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The Journal of Health, Population and Nutrition
ISSN: 1606-0997 EISSN: 2072-1315
Vol. 28, Num. 3, 2010, pp. 238-244

Journal of Health Population and Nutrition, Vol. 28, No. 3, May-June, 2010, pp. 238-244


Post-production losses in iodine concentration of salt hamper the control of iodine deficiency disorders: A case study in Northern Ethiopia

1 Department of Public Health, Mekelle University, Mekelle, Ethiopia,
2 Department of Food Safety and Food Quality, Faculty of Bioscience Engineering, Ghent University, Belgium,
3 Nutrition and Child Health Unit, Department of Public Health, Prince Leopold Institute of Tropical Medicine, Antwerp, Belgium, and
4 Directorate of Food Safety, Tanzania Food and Drugs Authority, Dar es Salaam, Tanzania

Correspondence Address: Dr. Patrick Kolsteren, Nutrition and Child Health Unit, Prince Leopold Institute of Tropical Medicine, Nationalestraat 155 B-2000, Antwerp, Belgium

Code Number: hn10031


Iodine is essential for good function of the thyroid, and its deficiency is of public-health importance in Ethiopia. Iodization of salt is an effective and sustainable strategy to prevent and control iodine deficiency in large populations. The effectiveness of salt-iodization programmes depends on the conservation of io­dine concentration in salt at various stages of the supply-chain. The overall objective of the study was to assess the loss of iodine in salt from production to consumption and to estimate the proportion of adults, especially pregnant women, at risk of dietary iodine insufficiency. A cross-sectional study was conducted during February-April 2007 in northern Ethiopia. Iodine concentrations of salt samples from producers (n=41), retailers (n=7), and consumers (n=32) were determined using iodiometric titration. A risk assess­ment was conducted for dietary iodine insufficiency among adults, including pregnant women, using a semi-probabilistic approach. The concentration of iodine in the sampled salts decreased by 57% from the production site to the consumers. The assessment of exposure showed that adults in 63% (n=20) of the households, including 90% (n=29) with pregnant women, were at risk of insufficient iodine intake. A monitoring and evaluation system needs to be established to ensure adequate supply of iodine along the distribution chain. Special attention is needed for the retailers and consumers. At these levels, dissemina­tion of information regarding proper storage and handling of iodized salt is necessary to address the re­ported loss of iodine from salt.

Keywords: Cross-sectional studies; Iodine; Iodine deficiency; Salt; Ethiopia


Iodine is an essential trace element for good func-tion of the thyroid, which, in turn, is indispensa-ble for optimal health. Deficiency in iodine is the single most common cause of preventable mental retardation and brain damage in the world. Iodine deficiency disorders manifest in decreased child-survival rates, [1],[2],[3] .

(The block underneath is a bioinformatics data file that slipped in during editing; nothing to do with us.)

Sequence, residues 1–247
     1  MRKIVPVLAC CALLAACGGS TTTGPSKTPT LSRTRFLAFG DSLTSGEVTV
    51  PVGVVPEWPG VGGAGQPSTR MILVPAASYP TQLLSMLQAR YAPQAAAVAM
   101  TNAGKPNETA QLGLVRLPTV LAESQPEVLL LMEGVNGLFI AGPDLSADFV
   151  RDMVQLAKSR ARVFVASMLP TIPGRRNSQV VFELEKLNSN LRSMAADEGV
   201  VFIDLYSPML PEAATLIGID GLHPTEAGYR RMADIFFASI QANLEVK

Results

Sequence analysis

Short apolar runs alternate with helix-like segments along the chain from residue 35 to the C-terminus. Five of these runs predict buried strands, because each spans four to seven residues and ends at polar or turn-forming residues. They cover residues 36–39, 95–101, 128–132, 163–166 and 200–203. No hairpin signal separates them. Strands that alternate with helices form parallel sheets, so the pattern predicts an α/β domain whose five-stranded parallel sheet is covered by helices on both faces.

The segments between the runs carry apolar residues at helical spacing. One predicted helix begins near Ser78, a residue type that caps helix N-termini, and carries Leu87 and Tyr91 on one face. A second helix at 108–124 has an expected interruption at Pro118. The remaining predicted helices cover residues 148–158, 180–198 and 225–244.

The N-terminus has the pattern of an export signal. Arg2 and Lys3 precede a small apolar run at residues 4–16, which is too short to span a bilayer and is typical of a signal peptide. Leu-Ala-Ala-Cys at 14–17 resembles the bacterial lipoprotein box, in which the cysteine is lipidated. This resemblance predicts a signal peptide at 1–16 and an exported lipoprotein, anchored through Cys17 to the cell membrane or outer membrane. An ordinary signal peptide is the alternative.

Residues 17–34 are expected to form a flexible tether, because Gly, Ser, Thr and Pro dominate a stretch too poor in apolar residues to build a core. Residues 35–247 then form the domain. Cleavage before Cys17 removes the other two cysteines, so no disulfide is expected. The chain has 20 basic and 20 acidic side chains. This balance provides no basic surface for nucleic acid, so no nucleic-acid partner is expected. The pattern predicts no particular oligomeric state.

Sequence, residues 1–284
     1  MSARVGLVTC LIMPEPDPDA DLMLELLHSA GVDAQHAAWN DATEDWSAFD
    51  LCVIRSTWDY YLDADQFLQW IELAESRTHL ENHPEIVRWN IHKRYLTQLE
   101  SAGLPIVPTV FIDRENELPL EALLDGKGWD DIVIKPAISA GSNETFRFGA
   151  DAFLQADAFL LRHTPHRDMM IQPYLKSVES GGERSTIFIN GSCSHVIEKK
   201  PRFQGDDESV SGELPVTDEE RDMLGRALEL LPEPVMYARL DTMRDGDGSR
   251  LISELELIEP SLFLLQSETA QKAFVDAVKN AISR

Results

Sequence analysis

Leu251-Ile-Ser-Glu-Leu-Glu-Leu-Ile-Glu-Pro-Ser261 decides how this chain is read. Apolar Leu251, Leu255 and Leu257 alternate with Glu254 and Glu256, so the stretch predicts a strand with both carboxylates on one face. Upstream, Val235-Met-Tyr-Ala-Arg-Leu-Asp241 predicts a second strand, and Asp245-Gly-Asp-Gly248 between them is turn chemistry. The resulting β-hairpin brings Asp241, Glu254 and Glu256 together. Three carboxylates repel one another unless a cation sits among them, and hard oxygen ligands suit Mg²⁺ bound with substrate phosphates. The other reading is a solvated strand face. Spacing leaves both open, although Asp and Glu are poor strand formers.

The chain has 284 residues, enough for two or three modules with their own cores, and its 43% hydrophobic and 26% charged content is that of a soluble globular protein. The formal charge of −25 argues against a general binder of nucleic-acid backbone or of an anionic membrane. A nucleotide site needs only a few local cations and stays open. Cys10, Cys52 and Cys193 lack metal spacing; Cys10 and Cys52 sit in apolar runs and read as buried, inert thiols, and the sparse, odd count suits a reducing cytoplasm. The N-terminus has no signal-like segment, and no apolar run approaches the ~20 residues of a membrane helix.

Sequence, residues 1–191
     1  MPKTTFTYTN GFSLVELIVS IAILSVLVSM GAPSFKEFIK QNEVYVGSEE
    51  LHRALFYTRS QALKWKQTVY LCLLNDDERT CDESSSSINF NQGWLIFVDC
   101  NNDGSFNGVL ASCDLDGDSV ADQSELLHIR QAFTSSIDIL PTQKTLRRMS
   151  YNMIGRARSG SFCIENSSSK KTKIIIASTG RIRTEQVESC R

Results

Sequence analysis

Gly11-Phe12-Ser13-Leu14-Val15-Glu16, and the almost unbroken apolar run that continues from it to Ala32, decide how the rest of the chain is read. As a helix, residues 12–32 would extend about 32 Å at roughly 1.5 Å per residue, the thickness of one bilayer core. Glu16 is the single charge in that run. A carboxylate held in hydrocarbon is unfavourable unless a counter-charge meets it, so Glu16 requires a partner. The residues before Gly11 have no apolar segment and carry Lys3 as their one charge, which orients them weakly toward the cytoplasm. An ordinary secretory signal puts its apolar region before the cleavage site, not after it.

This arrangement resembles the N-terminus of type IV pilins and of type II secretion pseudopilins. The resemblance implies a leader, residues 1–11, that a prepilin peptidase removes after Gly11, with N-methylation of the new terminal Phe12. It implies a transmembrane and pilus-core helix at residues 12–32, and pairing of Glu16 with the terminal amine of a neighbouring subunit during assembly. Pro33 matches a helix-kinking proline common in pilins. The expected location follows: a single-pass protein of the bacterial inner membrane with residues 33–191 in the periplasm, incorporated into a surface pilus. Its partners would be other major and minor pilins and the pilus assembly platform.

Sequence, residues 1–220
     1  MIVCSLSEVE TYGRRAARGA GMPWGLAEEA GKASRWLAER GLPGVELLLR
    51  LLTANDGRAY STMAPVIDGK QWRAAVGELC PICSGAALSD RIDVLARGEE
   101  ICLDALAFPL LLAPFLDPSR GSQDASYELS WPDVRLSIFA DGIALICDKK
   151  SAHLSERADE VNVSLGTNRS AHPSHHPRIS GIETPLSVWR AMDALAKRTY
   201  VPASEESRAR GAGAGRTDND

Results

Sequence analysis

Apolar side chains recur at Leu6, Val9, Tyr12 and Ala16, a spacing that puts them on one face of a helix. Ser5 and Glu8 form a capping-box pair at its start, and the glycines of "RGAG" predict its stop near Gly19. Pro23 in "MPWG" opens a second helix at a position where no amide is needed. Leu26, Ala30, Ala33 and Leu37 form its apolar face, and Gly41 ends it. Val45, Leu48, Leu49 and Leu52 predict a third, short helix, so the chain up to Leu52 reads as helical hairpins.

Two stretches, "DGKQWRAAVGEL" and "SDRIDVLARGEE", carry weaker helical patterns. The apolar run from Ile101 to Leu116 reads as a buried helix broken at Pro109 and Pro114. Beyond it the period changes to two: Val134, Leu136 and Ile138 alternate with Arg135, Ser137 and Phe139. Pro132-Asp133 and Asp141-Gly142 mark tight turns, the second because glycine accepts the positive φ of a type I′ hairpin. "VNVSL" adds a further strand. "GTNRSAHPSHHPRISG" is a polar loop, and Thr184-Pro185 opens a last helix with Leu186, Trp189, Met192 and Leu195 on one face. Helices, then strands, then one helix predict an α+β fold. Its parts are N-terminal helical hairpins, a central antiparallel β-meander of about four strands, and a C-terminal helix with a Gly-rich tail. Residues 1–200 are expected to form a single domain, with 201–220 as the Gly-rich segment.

The global database of the World Health Organiza-tion (WHO) shows that, during 1993-2003, iodine deficiency was still a public-health problem in 54 countries, and an estimated two billion individu-als had an insufficient dietary iodine intake [4] . In Ethiopia, around 28 million people suffer from goi-tre, and more than 35 million people are at risk of iodine deficiency. More importantly, 50,000 peri-natal deaths are related to iodine deficiency each year in Ethiopia. The education potential of the nation is unattained as iodine deficiency may cause an intelligence quotient reduction of 13.5 points [5] . The problem is both a threat to the productivi-ty of the workforce and a cause of cretinism and mental retardation. These factors are estimated to lead to an enormous loss of gross domestic prod-uct. In Ethiopia, this has been estimated at nearly US$ 1 billion over the 2000-2005 period [6] .

Iodization of salt is an effective and sustainable public-health strategy to prevent and control io-dine deficiency and has been ongoing in several countries for over 60 years. Iodization of salt is cur-rently undertaken following the universal salt-iodi-zation initiative [7],[8],[9] . Iodine is added to salt in the form of potassium iodide or iodate. At the point of production, it is recommended that the salt con-tains 20-40 mg of iodine per kg [10] .

The actual availability of iodine from iodized salt at the consumer level can vary widely due to a number of factors: variability in the amount of iodine added during iodization, poor mixing re-sulting in uneven distribution within the batches or bags produced and instability of iodine in the salt. These factors affect how much iodine is finally available for consumption. Various factors, such as moisture content of salt, ambient humidity, light, heat, impurities in salt, alkalinity or acidity, and the form (potassium iodide or iodate) in which the iodine is present, affect iodine stability in salt [11] . Hence, the effectiveness of salt-iodization pro-grammes to deliver adequate amounts of iodine at the consumer level largely depends on the stability of iodine [10],[12],[13],[14],[15],[16],[17],[18],[19],[20],[21],[22],[23],[24] .